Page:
Andrew P. McMahon, PhD — who is the W.M. Keck Provost and University Professor in USC’s departments of stem cell biology and regenerative medicine at the Keck School of Medicine of USC, and biological sciences at the Dornsife College of Letters, Arts and Sciences — has been elected as a new member of the National Academy of Sciences in honor of his outstanding contributions to developmental biology. The National Academy of Sciences brings together nearly 3,000 leading researchers to provide objective, science-based advice on critical issues affecting the nation — in accordance with an Act of Congress approved by President Abraham Lincoln in 1863.

“We’re delighted that Dr. McMahon is being recognized as a newly elected member of the National Academy of Sciences,” said Dean Laura Mosqueda, MD, from the Keck School. “Because new members are elected by current members, this represents recognition of Dr. McMahon’s achievements by his most esteemed peers in all scientific fields.”

“Being elected to the National Academy of Sciences is one of the highest honors that can be bestowed upon a scientist. Dr. McMahon has had a truly remarkable career in the field of developmental biology. This honor is well deserved. We are proud of Dr. McMahon’s accomplishments and of his contributions to research and education at USC,” said USC Provost Charles F. Zukoski.

McMahon’s group is well-known for identifying key signals coordinating cell interactions directing the assembly, composition and functional organization of mammalian organ systems. This research led to the founding of a biotechnology startup and the first drug treatment for an invasive form of skin cancer.

Currently, the McMahon Lab has narrowed its focus from multiple organ systems to a single, exquisitely complex organ: the kidney. With one in 10 people worldwide affected by chronic kidney disease, McMahon has a pragmatic desire to advance stem cell research in response to this medical need.

His lab has uncovered detailed genetic and molecular clues about how developing kidneys form, as well as how adult kidneys respond to injury and disease. These discoveries inform efforts to build synthetic mini kidneys, called organoids, that can be used to study disease, identify potential drug therapies, and eventually provide functional tissue for transplantation.

McMahon laid the groundwork for his career in developmental biology when he was still a high school student in the United Kingdom, studying for his university entrance exams.

“The great thing about sitting the exam for Oxford University was that it excused me from taking the regular classes at school and allowed me to just read things that I thought were interesting,” he said. “So I started reading books about how our genes worked.”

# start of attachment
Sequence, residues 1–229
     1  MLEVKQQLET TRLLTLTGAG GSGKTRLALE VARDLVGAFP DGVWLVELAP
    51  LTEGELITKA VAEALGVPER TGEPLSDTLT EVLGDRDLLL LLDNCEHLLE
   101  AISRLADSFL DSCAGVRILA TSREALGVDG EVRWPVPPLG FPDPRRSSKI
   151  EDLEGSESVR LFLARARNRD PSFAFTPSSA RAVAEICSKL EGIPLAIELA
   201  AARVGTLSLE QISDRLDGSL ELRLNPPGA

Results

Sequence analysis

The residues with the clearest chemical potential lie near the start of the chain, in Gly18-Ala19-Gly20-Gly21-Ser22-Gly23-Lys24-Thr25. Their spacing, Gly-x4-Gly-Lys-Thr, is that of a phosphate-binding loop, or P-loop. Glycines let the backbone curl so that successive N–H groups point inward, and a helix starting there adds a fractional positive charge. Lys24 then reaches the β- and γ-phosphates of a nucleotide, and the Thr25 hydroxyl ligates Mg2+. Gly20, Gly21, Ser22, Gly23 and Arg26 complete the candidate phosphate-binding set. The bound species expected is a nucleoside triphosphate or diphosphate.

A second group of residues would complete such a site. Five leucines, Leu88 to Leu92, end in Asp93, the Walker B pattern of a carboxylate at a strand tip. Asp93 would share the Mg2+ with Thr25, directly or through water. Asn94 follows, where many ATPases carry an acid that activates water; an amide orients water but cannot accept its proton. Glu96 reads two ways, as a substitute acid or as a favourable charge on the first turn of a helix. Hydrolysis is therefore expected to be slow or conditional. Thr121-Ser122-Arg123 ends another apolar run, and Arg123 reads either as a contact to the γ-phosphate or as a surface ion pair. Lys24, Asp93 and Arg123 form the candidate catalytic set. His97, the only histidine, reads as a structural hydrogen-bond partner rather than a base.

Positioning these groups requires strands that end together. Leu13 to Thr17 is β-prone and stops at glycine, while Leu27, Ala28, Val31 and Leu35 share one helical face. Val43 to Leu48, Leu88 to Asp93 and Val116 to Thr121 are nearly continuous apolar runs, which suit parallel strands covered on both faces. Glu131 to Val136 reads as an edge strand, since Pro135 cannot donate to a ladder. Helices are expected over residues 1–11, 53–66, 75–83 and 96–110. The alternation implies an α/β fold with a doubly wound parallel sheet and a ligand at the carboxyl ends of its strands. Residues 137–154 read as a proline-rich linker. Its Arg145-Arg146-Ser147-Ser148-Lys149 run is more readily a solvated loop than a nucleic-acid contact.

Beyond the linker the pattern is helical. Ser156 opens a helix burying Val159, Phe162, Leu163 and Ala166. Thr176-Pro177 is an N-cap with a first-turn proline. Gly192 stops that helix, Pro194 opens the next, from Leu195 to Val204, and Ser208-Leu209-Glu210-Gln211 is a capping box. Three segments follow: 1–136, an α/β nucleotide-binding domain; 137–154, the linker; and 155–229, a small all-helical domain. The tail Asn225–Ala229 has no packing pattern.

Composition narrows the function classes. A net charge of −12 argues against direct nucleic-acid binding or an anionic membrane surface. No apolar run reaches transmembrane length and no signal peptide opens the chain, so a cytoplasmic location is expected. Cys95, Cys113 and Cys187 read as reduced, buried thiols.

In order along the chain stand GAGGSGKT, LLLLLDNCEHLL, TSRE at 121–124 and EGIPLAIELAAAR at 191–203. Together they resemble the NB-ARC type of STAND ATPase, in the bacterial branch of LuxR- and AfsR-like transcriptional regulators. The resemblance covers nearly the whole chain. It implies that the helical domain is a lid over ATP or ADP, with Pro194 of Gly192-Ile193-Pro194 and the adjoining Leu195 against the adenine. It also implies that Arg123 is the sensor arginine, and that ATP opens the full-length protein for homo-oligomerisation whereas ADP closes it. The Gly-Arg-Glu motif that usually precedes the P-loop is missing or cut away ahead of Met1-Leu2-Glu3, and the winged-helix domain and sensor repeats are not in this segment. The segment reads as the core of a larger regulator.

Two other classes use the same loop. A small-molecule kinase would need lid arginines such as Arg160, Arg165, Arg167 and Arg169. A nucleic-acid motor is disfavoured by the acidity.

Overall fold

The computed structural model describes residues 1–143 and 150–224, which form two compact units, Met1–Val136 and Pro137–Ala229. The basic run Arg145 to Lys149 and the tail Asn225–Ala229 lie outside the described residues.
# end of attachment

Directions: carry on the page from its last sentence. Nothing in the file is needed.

During his undergraduate studies at Oxford University, McMahon became fascinated by how genes orchestrated the intricate process of human embryonic development.

“I’m always looking for answers to what I consider to be the most interesting question of all,” McMahon said. “How do our genes direct one cell, the egg, to generate the remarkable diversity of different cell types in our bodies?”

He continued this line of inquiry during his PhD studies at University College London, and his postdoctoral training at the California Institute of Technology. He started his independent research career at the National Institute for Medical Research in London, then moved to the Roche Institute for Molecular Biology, before joining the faculty at Harvard University in 1993.

After a nearly 20-year career at Harvard, McMahon joined USC as the director of the Eli and Edythe Broad Center for Regenerative Medicine and Stem Cell Research in 2012. He established a new department of stem cell biology and regenerative medicine, which he chairs, and recruited a large cohort of scientists at the start of their faculty careers.

In addition to his most recent accolade from the National Academy of Sciences, McMahon is an elected fellow of the American Association for the Advancement of Science, the American Academy of Arts and Sciences, the European Molecular Biology Organization and the Royal Society.

His group has published more than 300 primary research articles, and 22 US patents and 30 foreign patents have been issued around his research.

“It may be a cliché, but it’s true: This recognition is really a recognition of the many talented students, postdoctoral fellows and research staff I have been privileged to work with at several institutions throughout my career,” McMahon said. “I am glad my good fortune continues at USC.”

— By Cristy Lytal